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The possible solar and geomagnetic activity effects on the neurological disease of Multiple Sclerosis A. Gkotsinas 1, P. Preka-Papadema 1, N. Dimisianos.

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Presentation on theme: "The possible solar and geomagnetic activity effects on the neurological disease of Multiple Sclerosis A. Gkotsinas 1, P. Preka-Papadema 1, N. Dimisianos."— Presentation transcript:

1 The possible solar and geomagnetic activity effects on the neurological disease of Multiple Sclerosis A. Gkotsinas 1, P. Preka-Papadema 1, N. Dimisianos 2, P. Papachristou 2, G. Antonakopoulos 3, P. Papathanasopoulos 2, X. Moussas 1, A. Hilaris 1 1 Department of Astrophysics, Astronomy and Mechanism, Faculty of Physics, University of Athens. 2 Department of Neurology, University of Patras, Patra, Greece. 3 Section of Theoretical and Mathematical Physics, Astronomy and Astrophysics, Department of Physics, University of Patra.

2 The 23 rd Solar Cycle described by the sunspots number

3 Solar Eruptive Phenomena: Flares and CMEs

4 Earth’s magnetosphere and interaction with the solar wind

5 DST index for the 23 rd solar cycle with a 30 points smoothing

6 Space Weather Affects: Technology Communications Health: -Heart -Mental Health -Blood Pressure -Strokes

7 Papers on human health and space weather Palmer S. J. RMJ, Cormack M. “Solar and geomagnetic activity, extremely low frequency magnetic and electric fields and human health at the Earth’s surface”. Surv Geophys 2006;26: Breus T.K., Pimenov KY, Cornelissen G, Halberg E, Syutkina EV, Baevsky RM, Petrov VM, OrthGomer K, Akerstedt T, Otsuka K, Watanabe Y, Chibisov SM (2002) “The biological effects of solar activity”, Biomed Pharmacother 56 (Suppl 2):273s–283s Cornelissen G, Halberg F, Breus T, Syutkina EV, Baevsky R, Weydahl A, Watanabe Y, Otsuka K,Siegelova J, Fiser B, Bakken EE (2002) “Non-photic solar associations of heart rate variability and myocardial infarction”. J Atmos Sol-Terr Phys 64:707–720 Stoupel E,Martfel JN, Rotenberg Z (1994) “Paroxysmal atrial fibrillation and stroke (cerebrovascular accidents) in males and females above and below age 65 on days of different geomagnetic activity levels”. J Basic Clin Physiol Pharmocol 5(3–4):315–329 Stoupel E, Abramson E, Sulkes J,Martfel J, Stein N, Handelman M, Shimshoni M, Zadka P, Gabbay U (1995) “Relationship between suicide and myocardial infarction with regard to changing physical environmental conditions”. Int J Biometerol 38(4):199–203 Dimitrova Sv., “Investigations of Some Human Physiological Parameters in Relation to Geomagnetic Variations of Solar Origin and Meteorological Factors”, Recent Advances in Space Technologies, Proceedings of 2nd International Conference, Istanbul, Turkey, 2005, p Resch J. “Geographic distribution of multiple sclerosis and comparison with geophysical values”. Soz Praventivmed 1995;40(3):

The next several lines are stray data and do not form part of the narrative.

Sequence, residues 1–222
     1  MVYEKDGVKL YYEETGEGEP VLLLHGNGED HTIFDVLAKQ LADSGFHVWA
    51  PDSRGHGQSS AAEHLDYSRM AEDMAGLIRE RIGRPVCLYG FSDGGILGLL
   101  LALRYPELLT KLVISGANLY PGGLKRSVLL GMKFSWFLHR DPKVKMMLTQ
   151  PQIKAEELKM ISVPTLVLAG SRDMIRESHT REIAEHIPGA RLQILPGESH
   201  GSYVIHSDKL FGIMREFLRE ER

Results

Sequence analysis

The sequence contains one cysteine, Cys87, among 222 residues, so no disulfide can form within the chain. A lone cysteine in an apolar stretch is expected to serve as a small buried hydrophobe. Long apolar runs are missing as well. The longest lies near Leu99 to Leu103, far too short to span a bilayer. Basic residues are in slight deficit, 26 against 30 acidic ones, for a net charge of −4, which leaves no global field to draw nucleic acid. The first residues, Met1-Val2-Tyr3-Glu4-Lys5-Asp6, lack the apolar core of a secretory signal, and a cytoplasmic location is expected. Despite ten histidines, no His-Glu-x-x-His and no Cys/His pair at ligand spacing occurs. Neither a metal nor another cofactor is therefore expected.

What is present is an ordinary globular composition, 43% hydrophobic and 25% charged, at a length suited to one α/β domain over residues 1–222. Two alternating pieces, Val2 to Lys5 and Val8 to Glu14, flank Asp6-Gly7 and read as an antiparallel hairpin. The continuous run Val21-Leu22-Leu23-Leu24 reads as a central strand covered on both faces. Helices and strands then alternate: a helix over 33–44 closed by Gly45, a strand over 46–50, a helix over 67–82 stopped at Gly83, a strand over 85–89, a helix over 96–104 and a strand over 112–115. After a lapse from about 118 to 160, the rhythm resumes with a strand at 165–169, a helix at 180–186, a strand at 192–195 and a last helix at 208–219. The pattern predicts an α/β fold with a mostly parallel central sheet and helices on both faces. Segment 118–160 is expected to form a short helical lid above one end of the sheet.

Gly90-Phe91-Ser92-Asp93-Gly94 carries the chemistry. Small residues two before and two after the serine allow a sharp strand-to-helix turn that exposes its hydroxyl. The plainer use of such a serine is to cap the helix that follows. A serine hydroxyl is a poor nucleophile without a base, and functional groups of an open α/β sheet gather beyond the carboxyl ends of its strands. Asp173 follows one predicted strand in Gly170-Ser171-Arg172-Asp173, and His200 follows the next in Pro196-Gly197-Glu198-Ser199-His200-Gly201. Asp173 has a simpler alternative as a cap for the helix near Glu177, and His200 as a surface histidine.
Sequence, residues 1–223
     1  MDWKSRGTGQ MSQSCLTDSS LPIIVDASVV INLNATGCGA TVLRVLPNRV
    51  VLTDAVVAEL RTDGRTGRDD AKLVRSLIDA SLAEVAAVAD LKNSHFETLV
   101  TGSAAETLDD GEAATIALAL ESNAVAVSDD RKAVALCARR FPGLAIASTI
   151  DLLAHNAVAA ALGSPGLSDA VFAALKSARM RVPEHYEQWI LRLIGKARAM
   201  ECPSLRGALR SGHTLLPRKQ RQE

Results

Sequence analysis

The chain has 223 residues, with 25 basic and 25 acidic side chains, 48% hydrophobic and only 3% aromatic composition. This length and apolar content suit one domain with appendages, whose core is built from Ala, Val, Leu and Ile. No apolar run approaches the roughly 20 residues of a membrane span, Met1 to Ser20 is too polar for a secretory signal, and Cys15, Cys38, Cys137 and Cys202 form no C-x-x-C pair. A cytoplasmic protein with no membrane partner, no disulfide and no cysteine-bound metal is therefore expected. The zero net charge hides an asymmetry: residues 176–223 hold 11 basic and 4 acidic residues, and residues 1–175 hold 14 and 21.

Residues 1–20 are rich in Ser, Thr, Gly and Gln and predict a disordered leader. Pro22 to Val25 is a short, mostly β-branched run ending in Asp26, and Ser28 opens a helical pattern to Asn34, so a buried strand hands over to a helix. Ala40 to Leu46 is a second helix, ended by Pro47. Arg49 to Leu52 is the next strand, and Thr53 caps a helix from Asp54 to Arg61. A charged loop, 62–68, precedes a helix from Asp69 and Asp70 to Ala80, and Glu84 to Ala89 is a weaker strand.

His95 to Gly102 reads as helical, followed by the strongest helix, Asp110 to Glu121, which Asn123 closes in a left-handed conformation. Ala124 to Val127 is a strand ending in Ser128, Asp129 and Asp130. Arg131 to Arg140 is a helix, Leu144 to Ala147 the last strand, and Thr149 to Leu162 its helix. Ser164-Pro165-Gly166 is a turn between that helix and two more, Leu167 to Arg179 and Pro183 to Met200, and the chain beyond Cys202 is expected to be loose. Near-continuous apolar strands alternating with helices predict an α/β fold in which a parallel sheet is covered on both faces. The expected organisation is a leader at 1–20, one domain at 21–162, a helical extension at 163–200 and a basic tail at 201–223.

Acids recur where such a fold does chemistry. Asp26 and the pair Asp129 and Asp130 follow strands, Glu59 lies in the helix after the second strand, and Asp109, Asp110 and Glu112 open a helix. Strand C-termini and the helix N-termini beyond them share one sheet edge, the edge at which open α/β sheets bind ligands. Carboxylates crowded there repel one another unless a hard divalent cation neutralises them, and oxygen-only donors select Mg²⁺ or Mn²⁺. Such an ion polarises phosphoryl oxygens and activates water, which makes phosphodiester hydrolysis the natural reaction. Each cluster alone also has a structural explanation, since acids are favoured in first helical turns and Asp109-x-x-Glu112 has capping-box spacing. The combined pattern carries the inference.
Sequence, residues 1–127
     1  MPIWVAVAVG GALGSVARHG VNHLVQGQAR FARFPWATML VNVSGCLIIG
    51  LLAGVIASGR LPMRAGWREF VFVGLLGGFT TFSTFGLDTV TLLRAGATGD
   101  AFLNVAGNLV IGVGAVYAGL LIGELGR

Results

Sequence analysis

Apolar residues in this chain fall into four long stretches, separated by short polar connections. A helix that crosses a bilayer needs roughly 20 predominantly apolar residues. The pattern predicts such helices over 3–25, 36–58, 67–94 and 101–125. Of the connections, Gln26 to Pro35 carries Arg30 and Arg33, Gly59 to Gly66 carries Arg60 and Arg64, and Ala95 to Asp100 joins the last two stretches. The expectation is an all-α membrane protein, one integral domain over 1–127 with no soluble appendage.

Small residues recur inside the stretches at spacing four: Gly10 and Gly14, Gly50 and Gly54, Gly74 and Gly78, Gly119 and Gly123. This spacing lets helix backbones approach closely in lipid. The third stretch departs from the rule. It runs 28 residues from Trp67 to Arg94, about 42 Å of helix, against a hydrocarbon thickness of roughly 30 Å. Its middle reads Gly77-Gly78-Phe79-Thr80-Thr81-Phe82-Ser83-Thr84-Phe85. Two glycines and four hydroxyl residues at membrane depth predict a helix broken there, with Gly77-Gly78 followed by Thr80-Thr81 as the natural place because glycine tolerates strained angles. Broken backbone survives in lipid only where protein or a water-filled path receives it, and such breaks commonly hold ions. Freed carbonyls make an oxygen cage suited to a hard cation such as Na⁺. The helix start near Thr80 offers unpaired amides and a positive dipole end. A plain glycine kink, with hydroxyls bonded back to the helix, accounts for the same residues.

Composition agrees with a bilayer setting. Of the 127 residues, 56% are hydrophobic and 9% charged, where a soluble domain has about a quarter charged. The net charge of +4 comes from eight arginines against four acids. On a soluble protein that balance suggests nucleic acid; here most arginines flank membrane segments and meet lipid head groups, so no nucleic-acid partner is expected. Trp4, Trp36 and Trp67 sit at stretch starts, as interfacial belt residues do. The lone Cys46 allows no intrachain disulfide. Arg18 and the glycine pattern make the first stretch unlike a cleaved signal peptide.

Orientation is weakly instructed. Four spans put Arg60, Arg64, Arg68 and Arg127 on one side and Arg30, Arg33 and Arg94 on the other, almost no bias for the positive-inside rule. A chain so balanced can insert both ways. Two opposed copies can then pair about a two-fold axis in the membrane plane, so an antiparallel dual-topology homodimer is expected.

8 Multiple Sclerosis Inflammatory disease of the Central Nervous System Insult the myelin of the CNS Unknown causes Probable connection with genetic susceptibility and environmental factors First attempt to connect the disease with the solar activity and space weather

9 The area of Southwestern Greece Population: Sample: 1318 patients Men: 565 Women: 753 Patients/year=120 Patients/month=10

10 Study based on data from the University Hospital of Patras, covering the area of Southwestern Greece

11 Statistical analysis

12 Seasonal Distribution of MS patients

13 Months with highest number of patients (admittance peaks)

14 The annual values of the patients with MS (cases), along with the annual maximum of the solar wind speed (Vsw), the annual number of Halo CMEs, CMEs, intense (X-Type) flares, flares and sunspots (R(z)) 1

15 Correlation coefficients between the annual values of the solar activity phenomena and the number of patients (Pearson’s product moment correlation coefficient)

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23 Conclusion Rise in admittance rate 6-7 months after an intense geomagnetic storm. Satisfactory correlation coefficient and cross correlation with the Solar Wind speed (77% and 90% respectively). Satisfactory cross correlation with the eruptive phenomena of the Sun: Flares and CME (87% and 88% respectively) with a time lag of 6 and 5 months. Coincide of the three phases of the solar cycle with the three phases of the time series of the admittances although with a different pattern. The two maximums of the time series of the admittance rates appear after a 7 months period from extreme solar events and intense magnetic storms (indicated by the letters δ and θ).

24 Thank you for your attention


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